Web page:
Written by Frédéric Krumbein. President Lee Teng-hui’s most enduring legacy is his crucial role in the process of Taiwan’s democratisation. His predecessor, Chiang Ching-kuo, had already started the process of liberalisation. Yet despite his having lifted martial law in July 1987, Chiang died a few months later with the KMT dictatorship still intact. Lee Teng-hui then gradually implemented democratic reforms during his presidency (1988-2000).
In Memoriam, Lee Teng-hui
Written by Jerome F. Keating. Lee Teng-hui, the first president of Taiwan to be elected by the people, passed away on July 30, 2020. He was a statesman among statesmen and perhaps the greatest statesman Taiwan, aka the Republic of China (ROC), has ever known. Presidents and leaders are often judged not by the totality of their lives but by how, at a critical and crucial time, they did the right thing.
“Always in my Heart”: Lee Teng-hui’s Life in 10 Quotes
Written by Denis Li, translated by Corey Lee Bell. Lee Teng-hui, Taiwan’s first democratically elected president, played a key role in the country’s journey from authoritarianism to democracy. In 12 years as president, he made six amendments to the constitution, earning him an indelible place in the history of Taiwan. The News Lens has compiled 10 of Lee’s quotes from lectures and interviews, which reflect his perspective on Taiwanese politics and cross-strait relations, as well as the expectations he harbored for himself as a political figure.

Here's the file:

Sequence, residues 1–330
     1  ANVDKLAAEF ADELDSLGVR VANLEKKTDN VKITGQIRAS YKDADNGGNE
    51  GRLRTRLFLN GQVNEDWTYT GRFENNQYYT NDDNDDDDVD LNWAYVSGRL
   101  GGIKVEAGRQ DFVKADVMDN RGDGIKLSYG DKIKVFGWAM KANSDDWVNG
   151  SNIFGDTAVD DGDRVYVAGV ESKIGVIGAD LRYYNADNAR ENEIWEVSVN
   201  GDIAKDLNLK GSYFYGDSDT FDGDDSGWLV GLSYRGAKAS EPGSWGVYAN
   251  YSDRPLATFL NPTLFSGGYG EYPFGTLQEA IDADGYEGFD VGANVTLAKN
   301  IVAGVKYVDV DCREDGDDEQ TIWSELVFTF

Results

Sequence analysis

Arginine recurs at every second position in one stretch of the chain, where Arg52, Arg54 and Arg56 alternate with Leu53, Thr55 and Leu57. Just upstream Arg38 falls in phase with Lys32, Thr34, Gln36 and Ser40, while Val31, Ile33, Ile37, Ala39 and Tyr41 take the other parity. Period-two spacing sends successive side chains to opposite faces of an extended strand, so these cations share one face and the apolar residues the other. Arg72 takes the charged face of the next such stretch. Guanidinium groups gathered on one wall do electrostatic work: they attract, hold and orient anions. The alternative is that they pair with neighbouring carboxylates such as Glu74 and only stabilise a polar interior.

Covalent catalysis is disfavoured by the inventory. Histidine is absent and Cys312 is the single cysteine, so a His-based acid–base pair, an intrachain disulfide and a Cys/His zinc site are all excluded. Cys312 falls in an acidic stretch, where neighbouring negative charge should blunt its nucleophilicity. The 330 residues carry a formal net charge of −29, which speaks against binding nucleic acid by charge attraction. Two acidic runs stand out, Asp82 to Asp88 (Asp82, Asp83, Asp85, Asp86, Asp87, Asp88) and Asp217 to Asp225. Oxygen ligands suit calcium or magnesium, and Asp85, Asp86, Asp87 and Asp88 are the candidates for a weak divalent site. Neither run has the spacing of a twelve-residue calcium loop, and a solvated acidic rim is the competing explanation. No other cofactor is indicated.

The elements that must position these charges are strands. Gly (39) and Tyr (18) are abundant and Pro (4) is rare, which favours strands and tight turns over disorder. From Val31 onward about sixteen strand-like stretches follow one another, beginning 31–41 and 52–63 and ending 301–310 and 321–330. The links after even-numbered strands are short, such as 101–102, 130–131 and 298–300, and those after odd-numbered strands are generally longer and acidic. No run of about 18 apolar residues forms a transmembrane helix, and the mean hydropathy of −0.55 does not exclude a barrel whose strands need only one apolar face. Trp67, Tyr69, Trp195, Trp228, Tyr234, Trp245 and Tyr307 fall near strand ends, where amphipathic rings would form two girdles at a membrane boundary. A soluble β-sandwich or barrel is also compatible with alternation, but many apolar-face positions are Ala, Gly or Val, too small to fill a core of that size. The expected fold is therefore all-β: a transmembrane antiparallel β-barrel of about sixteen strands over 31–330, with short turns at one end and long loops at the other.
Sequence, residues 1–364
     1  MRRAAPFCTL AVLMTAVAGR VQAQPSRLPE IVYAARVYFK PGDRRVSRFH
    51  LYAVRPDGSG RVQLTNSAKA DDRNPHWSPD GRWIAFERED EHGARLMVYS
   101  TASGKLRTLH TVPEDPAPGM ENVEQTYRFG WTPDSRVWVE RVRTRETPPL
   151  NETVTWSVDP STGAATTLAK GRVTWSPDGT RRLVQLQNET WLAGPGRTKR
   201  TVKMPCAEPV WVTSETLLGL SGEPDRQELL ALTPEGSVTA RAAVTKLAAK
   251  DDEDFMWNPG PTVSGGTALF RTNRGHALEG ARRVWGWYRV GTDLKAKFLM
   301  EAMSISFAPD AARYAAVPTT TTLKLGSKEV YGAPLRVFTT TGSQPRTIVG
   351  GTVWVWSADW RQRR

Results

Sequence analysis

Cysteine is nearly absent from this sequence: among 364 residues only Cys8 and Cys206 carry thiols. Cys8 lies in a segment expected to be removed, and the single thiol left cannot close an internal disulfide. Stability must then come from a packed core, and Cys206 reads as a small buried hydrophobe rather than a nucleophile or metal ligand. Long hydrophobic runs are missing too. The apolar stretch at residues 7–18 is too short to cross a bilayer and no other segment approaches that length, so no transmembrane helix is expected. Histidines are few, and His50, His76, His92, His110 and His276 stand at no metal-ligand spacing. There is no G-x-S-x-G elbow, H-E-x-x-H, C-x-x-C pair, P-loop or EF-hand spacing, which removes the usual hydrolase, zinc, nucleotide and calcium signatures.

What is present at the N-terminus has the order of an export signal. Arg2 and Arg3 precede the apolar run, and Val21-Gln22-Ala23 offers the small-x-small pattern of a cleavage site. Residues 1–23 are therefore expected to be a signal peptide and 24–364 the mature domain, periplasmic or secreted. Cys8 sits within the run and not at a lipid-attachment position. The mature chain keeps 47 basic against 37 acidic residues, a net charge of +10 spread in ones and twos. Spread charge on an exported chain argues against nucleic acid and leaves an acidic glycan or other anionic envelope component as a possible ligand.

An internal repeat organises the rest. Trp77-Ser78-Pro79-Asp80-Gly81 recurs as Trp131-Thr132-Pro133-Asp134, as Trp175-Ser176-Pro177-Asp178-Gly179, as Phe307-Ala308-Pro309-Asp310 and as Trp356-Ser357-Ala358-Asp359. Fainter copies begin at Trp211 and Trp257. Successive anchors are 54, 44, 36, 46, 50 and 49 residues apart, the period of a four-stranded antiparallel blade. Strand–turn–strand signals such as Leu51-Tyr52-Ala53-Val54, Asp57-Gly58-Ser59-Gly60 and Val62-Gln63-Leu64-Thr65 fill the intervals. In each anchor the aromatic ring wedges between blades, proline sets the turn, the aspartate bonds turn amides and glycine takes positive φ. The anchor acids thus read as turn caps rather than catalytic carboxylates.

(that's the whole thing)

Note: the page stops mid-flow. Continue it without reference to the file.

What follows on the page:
Taiwan’s Post-Election Economic Woes
Written by John F. Copper. Had the economic numbers not been in their favour, would they have lost the election? Hardly. The fact the U.S. supported President Tsai and her party was an overwhelming advantage, as was China alienating Taiwan’s voters with its harsh statements and actions, which were further exacerbated with anti-China protests in Hong Kong. Both were critical factors. Finally, the KMT was very divided with its top leaders fighting among themselves.
Why Do Taiwan’s Environmentalists Oppose Renewable Energy Facilities?